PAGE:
One half of poison pair unmasked as military intelligence officer

Investigation finds Ruslan Boshirov is actually Colonel Anatoliy Chepiga

Two passport photos of GRU Colonel Anatoliy Chepiga, published by Bellingcat.

Ruslan Boshirov is not Ruslan Boshirov. He is actually former military intelligence officer Colonel Anatoliy Chepiga – a claim unsurprising to London officials but furiously denied by those in Moscow.

Not everything is as it seems in the continuing nerve agent poison saga after an investigative outfit announced on Tuesday that the man claiming to be one half of the accused pair was really a former member of the nation’s Main Intelligence Directorate, or GRU.

As reported by Bellingcat, the accused man who later appeared in an interview on state television is not who he claims to be. Colonel Anatoliy Chepiga is reportedly a decorated GRU officer bestowed with Russia’s highest state award, Hero of the Russian FederationThis is an honour usually awarded personally by President Vladimir Putin.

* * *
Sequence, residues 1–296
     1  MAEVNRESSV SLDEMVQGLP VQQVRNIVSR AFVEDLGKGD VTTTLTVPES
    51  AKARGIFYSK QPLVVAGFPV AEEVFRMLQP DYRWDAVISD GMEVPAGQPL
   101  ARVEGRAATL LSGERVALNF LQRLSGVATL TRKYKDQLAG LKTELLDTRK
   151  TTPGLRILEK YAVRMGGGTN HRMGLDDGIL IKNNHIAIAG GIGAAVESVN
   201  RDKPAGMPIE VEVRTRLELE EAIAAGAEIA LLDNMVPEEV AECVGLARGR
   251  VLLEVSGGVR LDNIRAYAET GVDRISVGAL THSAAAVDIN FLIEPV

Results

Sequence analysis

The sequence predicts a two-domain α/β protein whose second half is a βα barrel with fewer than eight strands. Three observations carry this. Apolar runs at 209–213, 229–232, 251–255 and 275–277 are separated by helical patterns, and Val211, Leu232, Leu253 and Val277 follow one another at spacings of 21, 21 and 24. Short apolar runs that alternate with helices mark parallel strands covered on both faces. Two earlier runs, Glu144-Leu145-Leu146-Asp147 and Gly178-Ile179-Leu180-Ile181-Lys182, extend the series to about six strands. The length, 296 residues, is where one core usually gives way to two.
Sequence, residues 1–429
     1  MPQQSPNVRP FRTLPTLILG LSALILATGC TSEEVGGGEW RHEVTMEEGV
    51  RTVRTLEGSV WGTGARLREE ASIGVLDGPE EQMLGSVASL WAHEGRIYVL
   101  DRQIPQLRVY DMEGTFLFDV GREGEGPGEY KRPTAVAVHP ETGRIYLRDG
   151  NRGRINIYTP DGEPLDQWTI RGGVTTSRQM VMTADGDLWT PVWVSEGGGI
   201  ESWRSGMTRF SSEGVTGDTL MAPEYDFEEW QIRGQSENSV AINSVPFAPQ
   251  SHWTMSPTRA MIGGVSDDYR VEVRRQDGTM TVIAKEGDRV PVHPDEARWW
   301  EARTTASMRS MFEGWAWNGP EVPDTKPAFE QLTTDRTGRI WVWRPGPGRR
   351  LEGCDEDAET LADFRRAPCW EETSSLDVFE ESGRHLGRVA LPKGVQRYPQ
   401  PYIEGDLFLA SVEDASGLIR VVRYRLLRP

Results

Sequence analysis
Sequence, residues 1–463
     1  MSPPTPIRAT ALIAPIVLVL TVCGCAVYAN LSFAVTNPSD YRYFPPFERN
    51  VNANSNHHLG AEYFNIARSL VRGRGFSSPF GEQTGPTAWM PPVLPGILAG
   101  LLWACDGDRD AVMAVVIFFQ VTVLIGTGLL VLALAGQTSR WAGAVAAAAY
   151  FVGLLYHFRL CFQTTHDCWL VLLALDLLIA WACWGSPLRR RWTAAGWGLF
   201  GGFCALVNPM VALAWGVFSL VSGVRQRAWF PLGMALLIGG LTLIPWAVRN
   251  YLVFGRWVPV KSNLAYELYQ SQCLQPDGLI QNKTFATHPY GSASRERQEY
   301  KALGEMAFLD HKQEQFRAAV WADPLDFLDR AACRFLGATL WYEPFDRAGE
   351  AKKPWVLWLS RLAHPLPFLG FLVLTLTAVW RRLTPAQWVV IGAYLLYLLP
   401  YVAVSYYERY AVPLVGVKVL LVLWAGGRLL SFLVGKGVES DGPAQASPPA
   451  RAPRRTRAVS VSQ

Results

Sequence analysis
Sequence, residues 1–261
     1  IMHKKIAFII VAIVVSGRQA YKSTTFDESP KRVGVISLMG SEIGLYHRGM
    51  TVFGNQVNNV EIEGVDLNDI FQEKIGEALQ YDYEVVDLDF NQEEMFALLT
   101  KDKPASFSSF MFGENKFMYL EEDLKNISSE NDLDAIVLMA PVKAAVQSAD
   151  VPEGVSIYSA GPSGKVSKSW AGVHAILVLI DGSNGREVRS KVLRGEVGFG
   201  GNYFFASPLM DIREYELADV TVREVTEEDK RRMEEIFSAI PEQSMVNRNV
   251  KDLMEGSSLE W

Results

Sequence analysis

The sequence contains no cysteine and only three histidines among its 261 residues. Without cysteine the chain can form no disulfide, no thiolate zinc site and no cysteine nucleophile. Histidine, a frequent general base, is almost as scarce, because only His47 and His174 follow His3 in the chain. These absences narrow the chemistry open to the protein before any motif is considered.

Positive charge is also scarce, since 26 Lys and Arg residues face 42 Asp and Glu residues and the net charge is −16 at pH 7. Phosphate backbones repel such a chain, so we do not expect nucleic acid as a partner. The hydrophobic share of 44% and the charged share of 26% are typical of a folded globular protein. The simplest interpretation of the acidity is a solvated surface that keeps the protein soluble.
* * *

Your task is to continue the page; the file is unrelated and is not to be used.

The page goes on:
Multiple sources familiar with the person and the investigation have confirmed the suspect’s identity, the online publisher reports.

As previously published by Russia Reports, Russian double agent Sergei Skripal and his daughter Yulia became violently ill after exposure to the poison in the English city of Salisbury in March. The poisoning provoked international condemnation and subsequent sanctions from the United Kingdom against Russia. Both Skripals were admitted to intensive care but survived the poisoning.

The incident flared up again in July after two Britons who lived nearby also became exposed to the nerve agent. Dawn Sturgess, 44, died from the poisoning.

UK investigators have previously said Boshirov, and his accomplice “Alexander Petrov”, were Russian intelligence officers. British officials have yet to comment on the identification, though The BBC reports that it understands there is no dispute over the allegation.

Russia has denied any wrongdoing since the saga began in March. France, Germany, Canada and the United States of America have joined the UK however in officially naming Russia as the alleged culprit behind two poisonings.

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